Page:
How to Get Your Sallie Mae Federal Student Loans Forgiven

by Lee Nichols
Piggy bank with graduation cap on top of it.

When life intersects with plans for the future, some college students find themselves with no way to repay their student loans. If options such as deferment --- postponement of payment -- or forbearance -- temporary reduction or suspension of payment -- don't help, borrowers can see if they qualify for debt forgiveness. The National Student Loan Data System can help borrowers determine if their loan is indeed from Sallie Mae.


Sallie Mae forgives loans when the borrower suffers total and permanent physical or mental disability. According to Federal Student Aid, borrowers must complete a discharge application and submit supporting information as proof of their disability. Supporting documentation varies depending on the disability. A veteran must submit a statement from the Veterans Administration stating that the disability is due to a service-related injury. Others need to submit a notice from the Social Security Administration that shows proof from a doctor that the disability prevents them from working.

Public Service

The Public Service Loan Forgiveness program enables certain borrowers to have their William D. Ford Federal Direct Loan forgiven if they meet the eligibility requirements. To qualify, borrowers must be in a full-time public service position with a state, federal or local government, or an organization deemed a nonprofit by the Internal Revenue Service. They also have to show a steady payment history as with at least 120 on time, full payments after October 1, 2007.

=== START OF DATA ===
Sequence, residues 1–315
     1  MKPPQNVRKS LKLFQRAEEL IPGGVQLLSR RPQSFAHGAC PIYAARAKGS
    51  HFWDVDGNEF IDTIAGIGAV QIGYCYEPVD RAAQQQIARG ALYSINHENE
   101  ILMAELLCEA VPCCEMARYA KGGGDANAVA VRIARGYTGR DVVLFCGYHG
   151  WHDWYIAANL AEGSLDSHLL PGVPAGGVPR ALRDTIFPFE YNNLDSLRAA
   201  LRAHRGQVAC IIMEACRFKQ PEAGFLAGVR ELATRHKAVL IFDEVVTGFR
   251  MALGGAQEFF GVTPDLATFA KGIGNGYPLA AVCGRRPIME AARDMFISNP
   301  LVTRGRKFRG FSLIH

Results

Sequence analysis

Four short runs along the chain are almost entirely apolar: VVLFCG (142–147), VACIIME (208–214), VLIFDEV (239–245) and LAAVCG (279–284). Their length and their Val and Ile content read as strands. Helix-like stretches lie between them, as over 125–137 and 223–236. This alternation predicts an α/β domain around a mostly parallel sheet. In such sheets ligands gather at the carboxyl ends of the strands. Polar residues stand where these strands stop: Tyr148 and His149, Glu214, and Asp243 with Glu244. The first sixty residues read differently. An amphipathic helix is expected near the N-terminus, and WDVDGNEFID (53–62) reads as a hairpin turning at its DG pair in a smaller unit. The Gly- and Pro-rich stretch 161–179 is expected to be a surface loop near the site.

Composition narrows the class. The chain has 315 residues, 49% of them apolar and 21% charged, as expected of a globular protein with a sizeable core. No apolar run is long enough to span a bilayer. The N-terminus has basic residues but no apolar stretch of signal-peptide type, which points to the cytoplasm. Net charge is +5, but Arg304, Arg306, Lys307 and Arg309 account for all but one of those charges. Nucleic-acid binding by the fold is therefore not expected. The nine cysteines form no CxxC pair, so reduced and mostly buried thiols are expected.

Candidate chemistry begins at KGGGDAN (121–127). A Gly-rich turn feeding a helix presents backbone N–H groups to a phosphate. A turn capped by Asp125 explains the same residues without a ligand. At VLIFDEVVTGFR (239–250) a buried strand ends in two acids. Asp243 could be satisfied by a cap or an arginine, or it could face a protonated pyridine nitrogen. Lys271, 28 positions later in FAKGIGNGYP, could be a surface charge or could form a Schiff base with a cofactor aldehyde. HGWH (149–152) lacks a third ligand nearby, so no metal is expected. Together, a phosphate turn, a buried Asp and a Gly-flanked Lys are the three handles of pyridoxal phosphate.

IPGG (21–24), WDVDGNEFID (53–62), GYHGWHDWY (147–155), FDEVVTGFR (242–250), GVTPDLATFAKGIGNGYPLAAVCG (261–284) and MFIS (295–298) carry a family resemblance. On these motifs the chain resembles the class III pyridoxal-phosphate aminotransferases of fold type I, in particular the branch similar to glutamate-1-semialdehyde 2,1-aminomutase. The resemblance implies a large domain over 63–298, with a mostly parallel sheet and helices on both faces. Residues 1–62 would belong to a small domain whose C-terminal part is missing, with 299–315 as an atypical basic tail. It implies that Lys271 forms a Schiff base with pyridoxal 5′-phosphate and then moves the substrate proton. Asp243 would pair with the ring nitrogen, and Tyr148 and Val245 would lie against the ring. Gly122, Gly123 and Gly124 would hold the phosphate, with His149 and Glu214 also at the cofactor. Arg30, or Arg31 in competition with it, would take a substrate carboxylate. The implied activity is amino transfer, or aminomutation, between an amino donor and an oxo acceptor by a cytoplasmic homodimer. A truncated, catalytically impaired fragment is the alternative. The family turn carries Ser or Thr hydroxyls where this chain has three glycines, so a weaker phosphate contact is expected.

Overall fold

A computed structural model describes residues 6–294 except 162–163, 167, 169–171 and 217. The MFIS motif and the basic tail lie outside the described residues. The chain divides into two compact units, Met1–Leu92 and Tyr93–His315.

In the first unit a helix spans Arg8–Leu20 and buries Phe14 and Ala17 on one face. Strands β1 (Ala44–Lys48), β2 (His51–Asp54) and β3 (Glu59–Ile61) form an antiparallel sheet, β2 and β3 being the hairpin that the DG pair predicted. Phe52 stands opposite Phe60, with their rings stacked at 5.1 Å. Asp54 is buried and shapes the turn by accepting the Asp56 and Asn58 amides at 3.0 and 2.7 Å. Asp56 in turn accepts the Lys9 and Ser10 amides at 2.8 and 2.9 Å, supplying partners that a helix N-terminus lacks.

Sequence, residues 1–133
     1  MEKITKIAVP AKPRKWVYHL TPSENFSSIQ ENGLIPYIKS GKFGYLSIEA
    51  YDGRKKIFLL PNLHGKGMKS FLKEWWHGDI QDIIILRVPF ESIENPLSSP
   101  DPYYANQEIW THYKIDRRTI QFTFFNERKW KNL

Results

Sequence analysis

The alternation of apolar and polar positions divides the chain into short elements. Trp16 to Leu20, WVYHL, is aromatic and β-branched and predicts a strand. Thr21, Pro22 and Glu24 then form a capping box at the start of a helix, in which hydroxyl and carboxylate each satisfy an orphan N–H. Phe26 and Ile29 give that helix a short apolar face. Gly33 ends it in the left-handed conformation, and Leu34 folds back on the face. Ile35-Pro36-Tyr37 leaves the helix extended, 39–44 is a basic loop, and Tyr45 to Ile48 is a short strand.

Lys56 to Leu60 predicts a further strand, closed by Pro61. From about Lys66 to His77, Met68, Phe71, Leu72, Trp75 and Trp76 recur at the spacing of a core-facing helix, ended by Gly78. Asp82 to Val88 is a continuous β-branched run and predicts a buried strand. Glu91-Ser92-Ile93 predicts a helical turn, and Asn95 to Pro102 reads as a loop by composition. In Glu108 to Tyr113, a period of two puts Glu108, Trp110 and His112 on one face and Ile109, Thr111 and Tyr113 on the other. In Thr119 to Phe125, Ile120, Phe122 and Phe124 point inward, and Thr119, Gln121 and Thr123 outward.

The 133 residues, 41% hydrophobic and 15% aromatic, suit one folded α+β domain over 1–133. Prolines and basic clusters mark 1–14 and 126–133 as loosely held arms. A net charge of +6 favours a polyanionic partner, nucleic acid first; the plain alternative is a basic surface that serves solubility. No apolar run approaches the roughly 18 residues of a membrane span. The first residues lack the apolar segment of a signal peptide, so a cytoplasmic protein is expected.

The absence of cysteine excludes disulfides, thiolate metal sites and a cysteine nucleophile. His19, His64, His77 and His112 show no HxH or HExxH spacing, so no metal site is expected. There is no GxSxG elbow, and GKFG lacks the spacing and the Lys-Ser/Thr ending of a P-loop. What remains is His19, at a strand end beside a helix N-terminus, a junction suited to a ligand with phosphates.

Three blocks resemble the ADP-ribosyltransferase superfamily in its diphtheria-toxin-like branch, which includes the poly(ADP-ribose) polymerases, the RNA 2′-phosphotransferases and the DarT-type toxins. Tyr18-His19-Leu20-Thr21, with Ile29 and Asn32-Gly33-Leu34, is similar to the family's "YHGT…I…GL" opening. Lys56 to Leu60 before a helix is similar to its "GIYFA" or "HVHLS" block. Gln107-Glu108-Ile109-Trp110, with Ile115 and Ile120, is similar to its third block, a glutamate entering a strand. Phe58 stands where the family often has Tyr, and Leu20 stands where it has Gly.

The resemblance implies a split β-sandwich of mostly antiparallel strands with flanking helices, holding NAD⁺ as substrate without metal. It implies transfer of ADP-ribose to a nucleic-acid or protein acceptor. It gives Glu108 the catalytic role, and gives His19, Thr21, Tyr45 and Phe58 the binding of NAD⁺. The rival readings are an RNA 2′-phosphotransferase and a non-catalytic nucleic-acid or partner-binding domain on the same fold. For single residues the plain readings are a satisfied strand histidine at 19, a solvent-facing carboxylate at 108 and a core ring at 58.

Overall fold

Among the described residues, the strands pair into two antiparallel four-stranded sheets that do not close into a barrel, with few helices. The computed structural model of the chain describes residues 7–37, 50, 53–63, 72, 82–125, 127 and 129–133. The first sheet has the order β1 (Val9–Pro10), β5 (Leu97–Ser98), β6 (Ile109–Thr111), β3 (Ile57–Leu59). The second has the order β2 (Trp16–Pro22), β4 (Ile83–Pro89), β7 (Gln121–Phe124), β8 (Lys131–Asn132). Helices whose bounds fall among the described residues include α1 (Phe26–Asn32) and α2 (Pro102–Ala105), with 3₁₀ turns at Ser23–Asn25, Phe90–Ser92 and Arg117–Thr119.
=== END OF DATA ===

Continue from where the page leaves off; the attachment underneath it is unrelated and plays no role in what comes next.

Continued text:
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Teacher Loan Forgiveness

This program, designed to encourage college graduates to enter the teaching profession, allows borrowers to receive $17,500 in debt forgiveness if they spend five consecutive full years teaching in underprivileged areas. Borrowers must be current on any existing loans and acquire the loans before finishing the service. The school(s) must be in a district that receives Title I funds, have at least 30 percent of enrollees who qualify for Title I service, and qualify for federal cancellation benefits.


Borrowers who don't qualify for loan forgiveness could still get help from other Sallie Mae programs, such as income-based repayment plans. Unlike deferments, these plans still accumulate interest, which increases the amount of money owed. However, a repayment plan based on income can make those payments more manageable for the borrower. Bankruptcy typically will not protect Sallie Mae borrowers from total repayment, but could get the amount owed and interest rate lowered to a more manageable figure.

About the Author

Specializing in business and finance, Lee Nichols began writing in 2002. Nichols holds a Bachelor of Arts in Web and Graphic Design and a Bachelor of Science in Business Administration from the University of Mississippi.

Photo Credits

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